One GTD bricolage that has been FANTASTIC for me, is when I realized the shelves in a Home Depot purchased organizer, fit into the ancient TV entertainment center where the stereo used to be. This allowed me to put my large format Epson R1800 printer behind the dividers where the TV used to be, and all the ink and paper for the printer in the organizer behind the smoked glass, and over size paper in the entertainment center’s drawers. People are getting rid of entertainment centers these days, they can be used for a lot of organizing, setting up stations to keep clutter out of sight. I’ll add a picture of the entrainment print center once it is moved next week.
#6 Upgrade Your Bed
Beth and I have used a waterbed for 26 years. Our bed gets an upgrade every time we move it (5 times so far). This move, I upgraded the bed by making it into modules that could be assembled more quickly. And then, once the bed was up, I drilled cable run holes through the headboards on the attached dressers. I have no clue how I could have not thought of drilling cable holes long before now. Now I’ve got a slick simple solution that cost $4 (Ikea Signum cable outlet kit). Again, pictures soon.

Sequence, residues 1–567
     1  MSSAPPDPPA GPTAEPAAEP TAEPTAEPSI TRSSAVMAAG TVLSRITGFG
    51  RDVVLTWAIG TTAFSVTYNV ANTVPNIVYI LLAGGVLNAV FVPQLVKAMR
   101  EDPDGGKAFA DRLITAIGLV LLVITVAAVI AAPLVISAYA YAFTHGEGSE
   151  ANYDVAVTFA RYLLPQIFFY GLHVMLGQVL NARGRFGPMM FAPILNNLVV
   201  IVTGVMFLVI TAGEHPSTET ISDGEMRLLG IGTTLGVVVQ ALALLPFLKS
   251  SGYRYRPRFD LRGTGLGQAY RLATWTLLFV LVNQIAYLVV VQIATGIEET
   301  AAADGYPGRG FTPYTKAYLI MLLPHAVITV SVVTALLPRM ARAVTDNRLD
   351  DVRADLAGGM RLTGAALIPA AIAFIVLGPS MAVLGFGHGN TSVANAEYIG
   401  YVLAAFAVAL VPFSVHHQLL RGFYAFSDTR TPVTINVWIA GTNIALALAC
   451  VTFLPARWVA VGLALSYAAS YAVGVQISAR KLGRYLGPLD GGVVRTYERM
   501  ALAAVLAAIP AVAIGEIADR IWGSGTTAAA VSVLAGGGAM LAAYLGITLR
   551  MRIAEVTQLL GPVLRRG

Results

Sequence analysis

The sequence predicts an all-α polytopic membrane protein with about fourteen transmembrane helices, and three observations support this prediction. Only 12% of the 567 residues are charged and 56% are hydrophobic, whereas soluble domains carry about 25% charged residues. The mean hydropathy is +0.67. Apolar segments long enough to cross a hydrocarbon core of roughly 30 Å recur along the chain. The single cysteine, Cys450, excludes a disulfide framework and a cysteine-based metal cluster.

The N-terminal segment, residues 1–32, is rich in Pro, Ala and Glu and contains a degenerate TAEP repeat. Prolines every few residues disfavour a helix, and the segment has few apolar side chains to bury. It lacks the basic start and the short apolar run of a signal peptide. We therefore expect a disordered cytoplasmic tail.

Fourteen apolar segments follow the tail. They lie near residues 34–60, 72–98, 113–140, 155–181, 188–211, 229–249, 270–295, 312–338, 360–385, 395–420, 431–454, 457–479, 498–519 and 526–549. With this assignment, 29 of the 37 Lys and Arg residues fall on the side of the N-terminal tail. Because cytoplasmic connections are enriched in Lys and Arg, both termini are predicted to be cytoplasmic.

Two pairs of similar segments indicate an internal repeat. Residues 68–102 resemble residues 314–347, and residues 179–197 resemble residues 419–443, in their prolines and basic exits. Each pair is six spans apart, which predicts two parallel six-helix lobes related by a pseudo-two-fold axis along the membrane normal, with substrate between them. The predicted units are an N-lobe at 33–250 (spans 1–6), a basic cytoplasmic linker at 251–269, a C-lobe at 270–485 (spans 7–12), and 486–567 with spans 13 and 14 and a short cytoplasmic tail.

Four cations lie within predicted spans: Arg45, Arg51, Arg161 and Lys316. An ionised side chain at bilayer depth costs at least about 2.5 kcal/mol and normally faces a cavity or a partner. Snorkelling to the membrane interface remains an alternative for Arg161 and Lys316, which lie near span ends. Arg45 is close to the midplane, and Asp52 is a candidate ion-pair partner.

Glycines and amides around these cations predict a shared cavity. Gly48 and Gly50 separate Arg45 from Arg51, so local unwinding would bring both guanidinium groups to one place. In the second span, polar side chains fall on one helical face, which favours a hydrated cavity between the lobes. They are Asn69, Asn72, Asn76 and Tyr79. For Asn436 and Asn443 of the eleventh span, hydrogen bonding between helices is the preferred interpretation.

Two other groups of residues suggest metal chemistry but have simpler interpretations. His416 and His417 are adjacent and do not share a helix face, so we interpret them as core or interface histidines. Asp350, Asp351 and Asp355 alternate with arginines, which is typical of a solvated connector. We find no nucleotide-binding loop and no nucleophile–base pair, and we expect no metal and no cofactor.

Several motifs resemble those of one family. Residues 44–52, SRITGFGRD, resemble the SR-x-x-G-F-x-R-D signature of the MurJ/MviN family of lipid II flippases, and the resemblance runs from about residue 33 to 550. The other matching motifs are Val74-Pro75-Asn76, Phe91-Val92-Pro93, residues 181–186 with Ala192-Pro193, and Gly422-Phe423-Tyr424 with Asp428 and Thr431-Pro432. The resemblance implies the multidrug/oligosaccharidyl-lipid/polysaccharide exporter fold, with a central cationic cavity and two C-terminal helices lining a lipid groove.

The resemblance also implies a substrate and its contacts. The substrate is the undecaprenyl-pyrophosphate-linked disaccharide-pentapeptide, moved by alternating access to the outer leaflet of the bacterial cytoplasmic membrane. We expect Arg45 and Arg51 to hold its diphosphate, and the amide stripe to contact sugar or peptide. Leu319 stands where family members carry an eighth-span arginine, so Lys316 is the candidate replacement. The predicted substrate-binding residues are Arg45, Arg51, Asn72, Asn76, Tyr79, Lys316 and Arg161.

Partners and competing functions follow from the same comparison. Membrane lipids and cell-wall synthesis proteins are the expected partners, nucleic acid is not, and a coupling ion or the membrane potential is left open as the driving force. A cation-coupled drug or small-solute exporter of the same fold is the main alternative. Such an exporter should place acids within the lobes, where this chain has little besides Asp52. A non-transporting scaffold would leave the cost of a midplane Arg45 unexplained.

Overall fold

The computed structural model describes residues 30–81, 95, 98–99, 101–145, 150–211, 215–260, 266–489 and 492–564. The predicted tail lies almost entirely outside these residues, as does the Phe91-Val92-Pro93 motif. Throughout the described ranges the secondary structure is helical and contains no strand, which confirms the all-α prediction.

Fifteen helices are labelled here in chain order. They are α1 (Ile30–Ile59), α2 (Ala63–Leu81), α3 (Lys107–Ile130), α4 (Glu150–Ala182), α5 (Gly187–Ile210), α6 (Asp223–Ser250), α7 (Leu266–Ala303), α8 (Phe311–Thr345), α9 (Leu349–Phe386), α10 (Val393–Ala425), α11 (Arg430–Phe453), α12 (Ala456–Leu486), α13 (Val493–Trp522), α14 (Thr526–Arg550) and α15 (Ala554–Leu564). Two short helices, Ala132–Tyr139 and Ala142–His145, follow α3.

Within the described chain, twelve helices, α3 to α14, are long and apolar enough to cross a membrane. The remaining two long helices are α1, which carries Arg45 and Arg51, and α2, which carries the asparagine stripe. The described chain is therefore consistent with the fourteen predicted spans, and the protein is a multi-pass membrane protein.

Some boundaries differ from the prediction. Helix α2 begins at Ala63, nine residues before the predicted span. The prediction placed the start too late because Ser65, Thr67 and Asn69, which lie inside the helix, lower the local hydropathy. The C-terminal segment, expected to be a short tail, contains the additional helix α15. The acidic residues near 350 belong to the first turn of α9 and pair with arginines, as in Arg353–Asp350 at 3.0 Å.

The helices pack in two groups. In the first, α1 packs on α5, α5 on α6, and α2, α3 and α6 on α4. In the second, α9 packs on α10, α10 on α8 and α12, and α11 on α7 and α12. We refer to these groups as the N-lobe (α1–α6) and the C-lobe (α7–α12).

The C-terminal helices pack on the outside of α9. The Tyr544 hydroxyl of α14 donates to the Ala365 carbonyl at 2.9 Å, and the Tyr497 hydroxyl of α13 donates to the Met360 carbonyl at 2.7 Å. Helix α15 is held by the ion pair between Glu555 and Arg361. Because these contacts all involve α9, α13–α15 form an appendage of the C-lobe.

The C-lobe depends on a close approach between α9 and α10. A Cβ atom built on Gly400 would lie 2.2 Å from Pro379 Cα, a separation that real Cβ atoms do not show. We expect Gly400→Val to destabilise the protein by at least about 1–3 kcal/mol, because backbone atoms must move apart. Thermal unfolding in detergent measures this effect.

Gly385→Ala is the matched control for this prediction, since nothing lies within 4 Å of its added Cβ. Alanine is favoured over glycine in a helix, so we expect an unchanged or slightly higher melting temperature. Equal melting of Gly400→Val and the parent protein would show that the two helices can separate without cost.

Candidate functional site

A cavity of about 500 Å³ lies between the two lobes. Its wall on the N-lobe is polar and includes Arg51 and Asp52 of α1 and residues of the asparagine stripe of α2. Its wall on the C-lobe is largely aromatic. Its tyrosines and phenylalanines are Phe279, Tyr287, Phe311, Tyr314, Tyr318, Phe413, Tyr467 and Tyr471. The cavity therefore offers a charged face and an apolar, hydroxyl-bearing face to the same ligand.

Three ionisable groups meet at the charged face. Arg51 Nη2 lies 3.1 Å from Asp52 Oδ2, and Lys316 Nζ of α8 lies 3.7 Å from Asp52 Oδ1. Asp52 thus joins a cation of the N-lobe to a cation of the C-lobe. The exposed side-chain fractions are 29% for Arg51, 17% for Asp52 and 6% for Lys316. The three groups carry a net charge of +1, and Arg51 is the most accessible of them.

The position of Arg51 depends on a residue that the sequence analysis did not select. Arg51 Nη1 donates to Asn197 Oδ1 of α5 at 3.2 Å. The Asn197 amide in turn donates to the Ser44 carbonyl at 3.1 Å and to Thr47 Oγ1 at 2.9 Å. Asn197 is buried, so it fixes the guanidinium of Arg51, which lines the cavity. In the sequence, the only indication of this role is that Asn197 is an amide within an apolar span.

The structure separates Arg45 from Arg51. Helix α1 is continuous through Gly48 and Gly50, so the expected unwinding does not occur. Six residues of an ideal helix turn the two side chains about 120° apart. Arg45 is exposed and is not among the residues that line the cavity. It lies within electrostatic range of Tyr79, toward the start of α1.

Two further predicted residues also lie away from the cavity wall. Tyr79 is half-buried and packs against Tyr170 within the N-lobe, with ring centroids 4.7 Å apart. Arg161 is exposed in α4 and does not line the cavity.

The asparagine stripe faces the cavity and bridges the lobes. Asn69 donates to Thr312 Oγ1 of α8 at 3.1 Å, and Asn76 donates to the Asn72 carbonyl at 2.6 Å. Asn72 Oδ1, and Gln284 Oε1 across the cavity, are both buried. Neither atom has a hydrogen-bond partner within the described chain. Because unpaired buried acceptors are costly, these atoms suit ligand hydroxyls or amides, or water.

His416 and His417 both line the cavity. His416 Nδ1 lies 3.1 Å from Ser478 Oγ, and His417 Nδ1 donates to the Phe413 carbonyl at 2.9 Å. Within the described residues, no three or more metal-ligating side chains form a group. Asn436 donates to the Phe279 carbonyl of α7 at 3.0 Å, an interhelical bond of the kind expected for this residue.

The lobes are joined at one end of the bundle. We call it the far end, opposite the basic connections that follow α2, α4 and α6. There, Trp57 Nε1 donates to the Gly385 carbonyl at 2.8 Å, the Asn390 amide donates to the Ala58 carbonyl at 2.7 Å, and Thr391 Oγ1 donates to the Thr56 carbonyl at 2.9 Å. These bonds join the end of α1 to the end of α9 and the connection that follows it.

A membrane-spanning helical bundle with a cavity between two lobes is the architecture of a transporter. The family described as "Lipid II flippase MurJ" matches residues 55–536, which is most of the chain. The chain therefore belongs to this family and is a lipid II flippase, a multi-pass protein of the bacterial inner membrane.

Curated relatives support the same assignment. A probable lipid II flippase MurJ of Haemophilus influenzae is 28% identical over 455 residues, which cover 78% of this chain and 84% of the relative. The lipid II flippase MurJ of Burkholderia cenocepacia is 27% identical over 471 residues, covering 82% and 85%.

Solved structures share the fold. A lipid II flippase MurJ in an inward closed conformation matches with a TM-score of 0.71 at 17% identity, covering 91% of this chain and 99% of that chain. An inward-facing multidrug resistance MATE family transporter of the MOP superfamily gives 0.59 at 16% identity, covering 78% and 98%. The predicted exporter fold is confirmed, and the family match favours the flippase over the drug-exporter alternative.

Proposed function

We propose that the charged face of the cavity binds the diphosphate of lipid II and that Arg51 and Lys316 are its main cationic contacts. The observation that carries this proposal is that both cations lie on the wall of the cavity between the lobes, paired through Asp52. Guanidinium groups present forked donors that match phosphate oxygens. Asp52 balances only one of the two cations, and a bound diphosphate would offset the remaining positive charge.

#5 Next Action The Garage
You know you’ve been postponing doing this for 15 years. Or at least, I was. But a month before the movers descend on your house, have some pride, and make a “Will there ever be a next action?” pass on your garage. This takes a lot less time than you think. It took me three hours. It takes my students no more than four hours. TECHNICALLY this was covered in point #10. But the layers of procrastination build up into a coral reef when it comes to garages. Don’t be like me and wait 15 years to do 3 hours of work. Just do it!